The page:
With security breaches happening more frequently, one would think hackers have developed some very complicated hacking methods. That’s not the case, as gaining illegal access to accounts still occurs a lot through simple phishing schemes.
We’ve heard it so many times, we started ignoring the warning: don’t ever click on any dubious links or pictures in emails and never ever type your account info into suspicious looking websites.
What hackers did instead is make their traps set in phishing emails look a lot more legit, thus more people are fooled, click and carelessly offering hackers their personal credentials on a plate. Controlling human error and stopping them from happening so often is tough, but Google has a new strategy for fighting that battle.
If you’re a Chrome user, you’re in luck. As of today, Google has launched a new extension that might help you avoid significant data loss. Called Password Alert, the tool can identify if you’re typing your Google password on any non-Google site.
How does it work? Password Alert is really living up to its name – an alert that’s prompted each time you type in your login details anywhere else other than on accounts.google.com, telling you that you might want to reset your password.
Now, you can choose to change your password on the spot with a new key, or you can ignore the warning in case you’re absolutely sure you’re not going to be hacked. For Gmail users, Google has also implemented a selective mute option for various websites.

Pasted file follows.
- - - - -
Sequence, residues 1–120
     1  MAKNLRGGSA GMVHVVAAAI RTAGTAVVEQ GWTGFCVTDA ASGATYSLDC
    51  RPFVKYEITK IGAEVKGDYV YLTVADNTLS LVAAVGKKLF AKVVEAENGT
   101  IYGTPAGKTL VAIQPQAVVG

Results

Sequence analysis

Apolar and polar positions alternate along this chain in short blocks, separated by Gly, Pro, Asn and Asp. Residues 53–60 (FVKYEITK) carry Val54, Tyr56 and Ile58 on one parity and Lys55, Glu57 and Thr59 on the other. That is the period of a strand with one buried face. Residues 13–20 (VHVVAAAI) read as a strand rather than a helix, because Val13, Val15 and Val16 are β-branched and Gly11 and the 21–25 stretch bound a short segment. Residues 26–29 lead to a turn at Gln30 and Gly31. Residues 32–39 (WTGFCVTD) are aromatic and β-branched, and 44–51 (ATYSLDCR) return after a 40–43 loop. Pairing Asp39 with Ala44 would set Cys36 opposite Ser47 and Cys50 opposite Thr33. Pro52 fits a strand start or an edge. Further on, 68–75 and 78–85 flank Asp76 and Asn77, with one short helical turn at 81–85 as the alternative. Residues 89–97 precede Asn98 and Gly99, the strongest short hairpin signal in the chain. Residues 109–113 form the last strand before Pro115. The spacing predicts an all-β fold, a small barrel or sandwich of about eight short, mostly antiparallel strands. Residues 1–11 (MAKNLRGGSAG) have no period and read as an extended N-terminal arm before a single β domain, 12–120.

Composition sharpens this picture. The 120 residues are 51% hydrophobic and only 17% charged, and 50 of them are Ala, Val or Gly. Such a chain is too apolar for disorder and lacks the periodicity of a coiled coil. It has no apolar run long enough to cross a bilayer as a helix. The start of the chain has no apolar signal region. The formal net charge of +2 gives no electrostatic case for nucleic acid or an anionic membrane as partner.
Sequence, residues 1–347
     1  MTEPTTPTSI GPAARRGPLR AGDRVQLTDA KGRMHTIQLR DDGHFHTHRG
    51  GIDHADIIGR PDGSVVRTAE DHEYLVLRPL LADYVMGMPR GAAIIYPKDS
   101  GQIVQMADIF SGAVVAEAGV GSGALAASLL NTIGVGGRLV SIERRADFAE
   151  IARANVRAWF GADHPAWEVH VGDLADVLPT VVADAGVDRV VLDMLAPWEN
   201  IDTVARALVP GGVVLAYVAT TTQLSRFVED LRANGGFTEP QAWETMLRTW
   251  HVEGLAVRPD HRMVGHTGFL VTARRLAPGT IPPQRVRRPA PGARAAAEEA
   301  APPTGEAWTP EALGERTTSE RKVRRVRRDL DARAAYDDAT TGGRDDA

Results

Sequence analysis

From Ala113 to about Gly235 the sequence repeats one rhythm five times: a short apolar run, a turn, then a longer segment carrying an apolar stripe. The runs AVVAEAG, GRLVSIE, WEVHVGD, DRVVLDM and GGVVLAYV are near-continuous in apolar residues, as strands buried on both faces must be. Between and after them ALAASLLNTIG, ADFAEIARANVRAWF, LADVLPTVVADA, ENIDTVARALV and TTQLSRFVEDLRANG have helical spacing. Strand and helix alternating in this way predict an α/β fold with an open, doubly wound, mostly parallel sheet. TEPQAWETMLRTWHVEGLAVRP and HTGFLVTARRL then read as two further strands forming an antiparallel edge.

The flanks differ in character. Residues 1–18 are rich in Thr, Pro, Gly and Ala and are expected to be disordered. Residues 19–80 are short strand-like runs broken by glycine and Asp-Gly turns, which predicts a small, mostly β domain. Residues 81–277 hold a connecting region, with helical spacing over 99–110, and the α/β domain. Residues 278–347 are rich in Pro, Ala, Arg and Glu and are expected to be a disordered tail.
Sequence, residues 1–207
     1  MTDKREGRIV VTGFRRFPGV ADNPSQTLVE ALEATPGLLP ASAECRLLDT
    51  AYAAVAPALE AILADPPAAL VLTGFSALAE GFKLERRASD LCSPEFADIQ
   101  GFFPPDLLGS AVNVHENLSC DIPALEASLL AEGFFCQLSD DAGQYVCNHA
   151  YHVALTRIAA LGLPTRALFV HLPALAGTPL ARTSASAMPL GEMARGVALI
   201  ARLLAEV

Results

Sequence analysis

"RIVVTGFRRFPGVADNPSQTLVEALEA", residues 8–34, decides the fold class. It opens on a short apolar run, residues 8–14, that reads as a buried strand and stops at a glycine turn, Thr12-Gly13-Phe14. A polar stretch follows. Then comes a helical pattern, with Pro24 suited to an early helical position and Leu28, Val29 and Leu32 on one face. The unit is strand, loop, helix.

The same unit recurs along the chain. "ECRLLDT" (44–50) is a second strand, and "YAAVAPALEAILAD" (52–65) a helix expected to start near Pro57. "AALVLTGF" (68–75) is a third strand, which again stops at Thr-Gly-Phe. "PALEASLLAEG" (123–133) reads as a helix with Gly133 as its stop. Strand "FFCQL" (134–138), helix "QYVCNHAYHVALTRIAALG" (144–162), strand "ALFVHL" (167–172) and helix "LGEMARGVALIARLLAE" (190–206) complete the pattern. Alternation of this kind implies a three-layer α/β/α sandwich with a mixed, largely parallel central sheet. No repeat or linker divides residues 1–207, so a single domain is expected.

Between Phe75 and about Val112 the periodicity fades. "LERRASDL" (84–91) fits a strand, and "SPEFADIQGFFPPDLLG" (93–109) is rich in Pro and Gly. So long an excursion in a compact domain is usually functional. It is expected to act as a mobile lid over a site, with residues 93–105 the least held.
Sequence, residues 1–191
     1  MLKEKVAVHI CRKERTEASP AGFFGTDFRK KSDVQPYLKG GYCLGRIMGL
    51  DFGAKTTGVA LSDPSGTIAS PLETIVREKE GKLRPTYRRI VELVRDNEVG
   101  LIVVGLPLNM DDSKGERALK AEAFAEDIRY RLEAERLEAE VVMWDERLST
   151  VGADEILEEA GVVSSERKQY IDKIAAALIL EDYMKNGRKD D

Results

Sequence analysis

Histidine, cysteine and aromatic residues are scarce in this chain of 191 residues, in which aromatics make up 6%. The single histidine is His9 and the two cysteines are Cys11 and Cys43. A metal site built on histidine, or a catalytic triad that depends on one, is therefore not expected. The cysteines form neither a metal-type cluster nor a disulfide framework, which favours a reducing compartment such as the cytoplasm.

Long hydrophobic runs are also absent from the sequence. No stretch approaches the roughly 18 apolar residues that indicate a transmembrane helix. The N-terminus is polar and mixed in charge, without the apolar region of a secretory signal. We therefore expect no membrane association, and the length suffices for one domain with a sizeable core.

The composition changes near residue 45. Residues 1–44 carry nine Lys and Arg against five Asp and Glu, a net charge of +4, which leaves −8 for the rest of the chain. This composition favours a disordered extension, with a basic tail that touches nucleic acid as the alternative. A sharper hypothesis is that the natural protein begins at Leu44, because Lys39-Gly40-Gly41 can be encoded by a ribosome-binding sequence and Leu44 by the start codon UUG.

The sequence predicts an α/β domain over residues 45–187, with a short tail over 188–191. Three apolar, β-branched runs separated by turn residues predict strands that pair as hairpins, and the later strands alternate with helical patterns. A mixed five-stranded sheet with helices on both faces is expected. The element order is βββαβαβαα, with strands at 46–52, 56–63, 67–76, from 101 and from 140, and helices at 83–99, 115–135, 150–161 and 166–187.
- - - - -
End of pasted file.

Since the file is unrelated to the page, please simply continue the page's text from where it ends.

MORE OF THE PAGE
After each successful log into your account, Password Alert receives temporary access to that password and saves it to Chrome’s local storage. Each time your enter a password on any non-Google websites after that, Password Alert does a quick comparison to the password it already saved on server.
It’s still bad news, however, since not even Password Alert can warn you before entering your password into a non-Google site, so the chances you can still be phished are pretty high. But hopefully, the alert can warn you right away, and you can change your password in a timely fashion, before any harm is done to your account.
Google is working on detecting fake Google sign-in pages and warning users before typing in credentials. Some pages, however, might still go pass its detector. According to PCMagazine’s recent test, Chrome is the best option for browsers that come with built-in phishing protection, seconded by Firefox.
In case you’re using the same password for more than your Google account, Password Alert will be useless to you – but you shouldn’t be doing that, anyway. The extension will allow users who have several Google accounts to use multiple Chrome profiles in order for Password Alert to work properly.
Image Source: Duo Security
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